Gynecomastia May Indicate a Serious Health Condition
For the majority of men with gynecomastia, having male breasts are mostly a benign condition and pose no health concerns. But, the psychological impact can be devastating and impact self-esteem.
However, some serious health conditions may cause gynecomastia; men with moobs should seek medical evaluation.
Some of the serious conditions known to cause gynecomastia are:
The liver has many functions including clearing excess hormones from the body. If there is liver damage and estrogen is not metabolized correctly, it can lead to the development of breasts in men.
Hormonal imbalance can occur with impaired renal function. With decreased testosterone and an increase of estrogen, man boobs may result. A kidney transplant can reverse the problem, but some drugs used after a kidney transplant may cause men to have breast development.
Prolonged starvation can cause temporary moobs. When malnourished men have lower testosterone, some systems increase function before others when a man returns to a normal diet. This phenomenon was noted when World War II prisoners of war came home.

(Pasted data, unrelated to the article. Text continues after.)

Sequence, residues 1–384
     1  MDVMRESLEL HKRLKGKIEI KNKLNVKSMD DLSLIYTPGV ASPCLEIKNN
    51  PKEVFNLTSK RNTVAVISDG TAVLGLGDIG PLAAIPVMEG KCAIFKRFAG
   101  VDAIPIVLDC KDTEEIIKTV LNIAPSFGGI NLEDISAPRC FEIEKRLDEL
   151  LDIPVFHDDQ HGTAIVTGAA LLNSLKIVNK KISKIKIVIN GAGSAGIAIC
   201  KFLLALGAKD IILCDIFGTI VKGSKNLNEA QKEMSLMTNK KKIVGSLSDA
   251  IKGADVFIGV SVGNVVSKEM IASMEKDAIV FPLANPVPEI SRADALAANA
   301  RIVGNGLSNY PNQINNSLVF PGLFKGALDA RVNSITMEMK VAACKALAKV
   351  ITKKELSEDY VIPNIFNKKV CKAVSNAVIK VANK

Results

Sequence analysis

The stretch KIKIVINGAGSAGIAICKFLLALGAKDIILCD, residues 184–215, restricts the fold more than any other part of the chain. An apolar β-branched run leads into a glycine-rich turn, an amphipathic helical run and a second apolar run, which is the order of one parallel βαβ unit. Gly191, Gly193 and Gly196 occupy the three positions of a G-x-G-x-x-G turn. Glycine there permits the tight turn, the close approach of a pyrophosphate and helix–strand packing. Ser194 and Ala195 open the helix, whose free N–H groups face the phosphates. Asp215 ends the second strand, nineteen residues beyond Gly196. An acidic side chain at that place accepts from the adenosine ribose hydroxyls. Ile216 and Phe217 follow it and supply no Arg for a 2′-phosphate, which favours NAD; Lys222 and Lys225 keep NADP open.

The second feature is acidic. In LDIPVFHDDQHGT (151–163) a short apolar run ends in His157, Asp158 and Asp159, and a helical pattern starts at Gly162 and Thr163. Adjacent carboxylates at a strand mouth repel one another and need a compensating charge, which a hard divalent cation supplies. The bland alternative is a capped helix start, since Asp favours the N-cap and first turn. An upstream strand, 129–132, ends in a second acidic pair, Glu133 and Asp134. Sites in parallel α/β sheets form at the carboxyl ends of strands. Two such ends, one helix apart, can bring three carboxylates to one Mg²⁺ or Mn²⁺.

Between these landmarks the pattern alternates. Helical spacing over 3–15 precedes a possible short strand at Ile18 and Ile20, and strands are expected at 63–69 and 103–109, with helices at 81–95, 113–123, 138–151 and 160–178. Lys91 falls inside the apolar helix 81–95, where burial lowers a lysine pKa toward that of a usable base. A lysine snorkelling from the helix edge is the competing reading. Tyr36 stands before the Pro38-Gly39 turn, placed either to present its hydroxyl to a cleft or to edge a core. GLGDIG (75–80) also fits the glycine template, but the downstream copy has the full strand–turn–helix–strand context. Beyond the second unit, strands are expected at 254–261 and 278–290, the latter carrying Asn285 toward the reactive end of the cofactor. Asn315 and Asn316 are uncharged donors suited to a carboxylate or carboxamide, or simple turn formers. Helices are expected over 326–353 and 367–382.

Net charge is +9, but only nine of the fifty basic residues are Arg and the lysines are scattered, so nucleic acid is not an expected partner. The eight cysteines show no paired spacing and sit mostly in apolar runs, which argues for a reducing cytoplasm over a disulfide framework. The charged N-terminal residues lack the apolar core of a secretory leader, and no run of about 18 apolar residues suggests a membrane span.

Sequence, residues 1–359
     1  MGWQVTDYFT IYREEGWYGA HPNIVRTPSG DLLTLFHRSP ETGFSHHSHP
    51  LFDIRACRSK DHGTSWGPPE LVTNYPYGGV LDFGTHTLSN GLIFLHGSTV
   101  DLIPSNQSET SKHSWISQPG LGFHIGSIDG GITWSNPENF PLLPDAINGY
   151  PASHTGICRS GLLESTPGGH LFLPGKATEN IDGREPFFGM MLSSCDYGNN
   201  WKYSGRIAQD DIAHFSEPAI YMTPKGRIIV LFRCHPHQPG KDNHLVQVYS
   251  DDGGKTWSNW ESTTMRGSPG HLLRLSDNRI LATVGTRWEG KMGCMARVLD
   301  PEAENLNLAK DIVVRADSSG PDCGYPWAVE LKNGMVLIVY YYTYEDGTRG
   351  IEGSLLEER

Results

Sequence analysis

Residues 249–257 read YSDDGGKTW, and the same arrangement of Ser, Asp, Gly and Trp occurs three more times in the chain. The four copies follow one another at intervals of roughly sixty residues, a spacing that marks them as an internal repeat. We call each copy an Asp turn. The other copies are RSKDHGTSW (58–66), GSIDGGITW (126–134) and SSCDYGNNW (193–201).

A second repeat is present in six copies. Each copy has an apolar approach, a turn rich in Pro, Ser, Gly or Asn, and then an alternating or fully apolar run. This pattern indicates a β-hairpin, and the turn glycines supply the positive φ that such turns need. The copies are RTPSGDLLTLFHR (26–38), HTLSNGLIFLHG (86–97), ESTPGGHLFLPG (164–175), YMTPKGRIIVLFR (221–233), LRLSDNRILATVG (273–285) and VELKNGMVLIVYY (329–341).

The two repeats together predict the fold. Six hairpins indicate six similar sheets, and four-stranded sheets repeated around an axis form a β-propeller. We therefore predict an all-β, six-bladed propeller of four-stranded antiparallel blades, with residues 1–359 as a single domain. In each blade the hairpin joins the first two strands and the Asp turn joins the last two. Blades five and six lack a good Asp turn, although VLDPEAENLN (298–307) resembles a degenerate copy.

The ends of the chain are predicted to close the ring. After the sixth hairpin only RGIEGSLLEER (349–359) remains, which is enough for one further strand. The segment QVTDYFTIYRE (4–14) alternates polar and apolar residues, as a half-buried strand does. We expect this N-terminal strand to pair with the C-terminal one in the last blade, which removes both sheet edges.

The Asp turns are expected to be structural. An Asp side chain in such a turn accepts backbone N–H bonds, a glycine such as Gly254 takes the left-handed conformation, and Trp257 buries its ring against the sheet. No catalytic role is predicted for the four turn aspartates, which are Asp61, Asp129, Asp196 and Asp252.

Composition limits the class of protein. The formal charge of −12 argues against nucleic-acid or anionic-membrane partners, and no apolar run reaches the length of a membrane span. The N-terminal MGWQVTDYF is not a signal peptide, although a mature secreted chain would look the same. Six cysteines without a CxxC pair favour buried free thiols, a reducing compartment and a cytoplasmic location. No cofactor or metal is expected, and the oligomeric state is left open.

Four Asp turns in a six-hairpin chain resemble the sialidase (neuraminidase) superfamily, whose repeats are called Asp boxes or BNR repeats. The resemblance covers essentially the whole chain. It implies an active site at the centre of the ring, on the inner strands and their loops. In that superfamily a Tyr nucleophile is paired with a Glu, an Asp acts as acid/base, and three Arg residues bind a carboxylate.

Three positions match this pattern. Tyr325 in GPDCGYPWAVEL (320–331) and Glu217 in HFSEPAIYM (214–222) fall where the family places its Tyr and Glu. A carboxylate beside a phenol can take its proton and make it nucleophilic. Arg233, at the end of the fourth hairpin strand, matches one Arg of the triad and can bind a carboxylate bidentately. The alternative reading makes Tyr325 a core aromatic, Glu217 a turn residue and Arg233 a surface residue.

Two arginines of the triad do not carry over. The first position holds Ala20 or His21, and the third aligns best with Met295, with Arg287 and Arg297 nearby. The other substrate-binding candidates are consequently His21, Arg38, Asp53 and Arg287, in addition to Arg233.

When the testicles don’t produce enough testosterone the ratio to estrogen will be skewed with the probable result of man boobs. This could be a problem with the testes, the pituitary gland, or the hypothalamus.
If a man has gastric carcinoma, large cell carcinoma, or renal cell carcinoma, his hCG levels won’t be normal, and moobs may form.
Your adrenal glands make a steroid hormone called cortisol. Cortisol helps the body respond to stress, fight infections, and regulate blood sugar. Men experiencing a lot of mental stress may have excess cortisol in the body. Men with increased cortisol and estrogen, along with low testosterone will very likely have the development of male breasts.
Dr. Miguel Delgado, M.D. states there are more conditions can lead to the development of man boobs. As mentioned before, gynecomastia is mostly a benign condition but it can be an indication of other health issues and should be evaluated.
For any gynecomastia concerns, please contact Dr. Delgado at (415) 898-4161